You can’t step into the same parade twice
Emily C. Skaftun
Norwegian American Weekly
Can I tell you a secret? I don’t really like parades.
Oh, once upon a time I dressed in my Norwegian costume and held my matching doll and was so proud to march in the 17th of May parade through Ballard.
That glow wore off as I got a little older and realized it was no particular honor to be in a neighborhood parade the way I was (it would be many, many more years before I heard of a “children’s parade”), and of course it turned to bitter embarrassment as I entered my cynical teens. I lived in fear of anyone seeing those photos.
So by the time I visited New Orleans in my early 20s for Mardi Gras, I was fairly neutral on parades. They’re all the same, right? Marching bands, floats, cotton candy. Like most people, I thought, What is there not to like about a parade? At worst they’re boring. And if you get bored, you can always leave.
Enter Mardi Gras. Parades there go on for hours at a time, and in the week leading up to Mardi Gras there is at least one per day, if not more. My friend and I had found a sweet spot to watch a parade—the median of a street it would go up and down. We’d see it coming and going.
But things went south quickly. My friend started to feel ill, and we realized we hadn’t eaten much, so we decided to leave. But we were trapped. There was plenty of space between floats for us to get across the street, but it was patrolled by police officers who would absolutely not let us do any such thing.
We tried a lot before accepting our fate—three hours of watching a parade we no longer had any interest in, hungry (we were broke), being pelted with beads (fun fact: you don’t have to show any skin to get beads at Mardi Gras).
After that I never wanted to see another parade in my life.
Why am I telling you this? Why would I metaphorically rain on your literal parade? And right before Syttende Mai!
This is my third year as editor of this newspaper, which means it will also be my third year attending Seattle’s 17th of May parade as an adult. And do you know what else? I’m looking forward to it.
The parade is nothing like those over-the-top Mardi Gras parades, though it does usually have some impressive floats and marching bands and police motorcycle formations and pirates (it’s a Seattle thing).
I’m not sure how closely it resembles the parade of my youth either, but to me it retains a small-town parade feel, with lots of marchers, lots of people in cars, and (because apparently this is also a thing in Seattle now) about a million kids on unicycles.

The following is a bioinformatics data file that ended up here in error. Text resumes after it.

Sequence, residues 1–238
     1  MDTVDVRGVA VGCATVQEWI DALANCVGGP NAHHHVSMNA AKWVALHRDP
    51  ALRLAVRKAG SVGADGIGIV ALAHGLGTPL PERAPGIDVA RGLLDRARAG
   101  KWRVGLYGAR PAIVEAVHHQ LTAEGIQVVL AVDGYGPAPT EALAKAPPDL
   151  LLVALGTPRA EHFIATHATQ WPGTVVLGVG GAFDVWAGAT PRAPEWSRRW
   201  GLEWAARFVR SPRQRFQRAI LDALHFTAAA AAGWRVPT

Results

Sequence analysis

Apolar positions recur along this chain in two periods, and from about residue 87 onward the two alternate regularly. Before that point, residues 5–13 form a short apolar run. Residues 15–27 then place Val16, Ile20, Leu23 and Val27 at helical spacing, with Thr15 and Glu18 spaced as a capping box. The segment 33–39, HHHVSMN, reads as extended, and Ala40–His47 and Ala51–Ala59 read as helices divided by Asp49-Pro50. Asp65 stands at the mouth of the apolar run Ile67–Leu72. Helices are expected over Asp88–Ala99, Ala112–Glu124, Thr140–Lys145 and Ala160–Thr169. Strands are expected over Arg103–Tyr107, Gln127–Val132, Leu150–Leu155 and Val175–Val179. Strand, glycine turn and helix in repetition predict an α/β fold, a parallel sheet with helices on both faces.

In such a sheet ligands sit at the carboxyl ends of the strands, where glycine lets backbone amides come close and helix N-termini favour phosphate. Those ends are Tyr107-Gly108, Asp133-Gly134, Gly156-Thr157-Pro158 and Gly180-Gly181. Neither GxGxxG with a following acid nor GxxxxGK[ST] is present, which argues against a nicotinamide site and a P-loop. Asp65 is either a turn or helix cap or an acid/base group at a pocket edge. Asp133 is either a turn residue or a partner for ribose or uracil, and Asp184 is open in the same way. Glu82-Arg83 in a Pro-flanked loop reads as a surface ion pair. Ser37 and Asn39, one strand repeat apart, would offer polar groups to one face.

Certainly, the audience is nothing like either of those extremes either. Though my new tradition is to watch from one of the bars along the parade route, the crowd is not unruly like at Mardi Gras. Neither is it all Norwegians. Ballard has changed since its parade became a yearly event in 1974, a fact that causes much weeping and lamentation among Seattle Norwegians. No longer the sleepy fishing town, it’s now a neighborhood popular for its nightlife, filled to the brim (or beyond!) with new residents.
But one of the things I like about the parade is that on that day, all those new folks are honorary Norwegians. I can’t tell you how many people I’ve talked to at the parade who had no idea about the yearly tradition before stumbling upon it, who are pleased to try some pølse med lompe and wave flags with the rest of us.
Parades are like rivers. In one sense they’re all the same—floats, bands, etc.—but in another sense no two are alike. You can’t step into the same river twice, because it has different water and because you have changed. The parade entries change, and so does the audience.
Change. And also tradition.
Wherever you are, whoever you are, I hope you enjoy your (literal or metaphorical) parade this Syttende Mai.
And speaking of change, welcome to the first issue of The Norwegian American!
From now on we’ll be bringing you even more content on this nice new paper (at least I hope it’s nice—as this is the first time using it, I haven’t seen it yet!) every other week. One of our new sections, Norsk Språk, debuts this week, but the rest was preempted by Syttende Mai content and will roll out in the next issue.
This change has been many months in the making, but its timing is no coincidence. Syttende Mai is about new beginnings, so for us it is the perfect day to symbolize our new start.
This article originally appeared in the May 6, 2016, issue of The Norwegian American. To subscribe, visit SUBSCRIBE or call us at (206) 784-4617.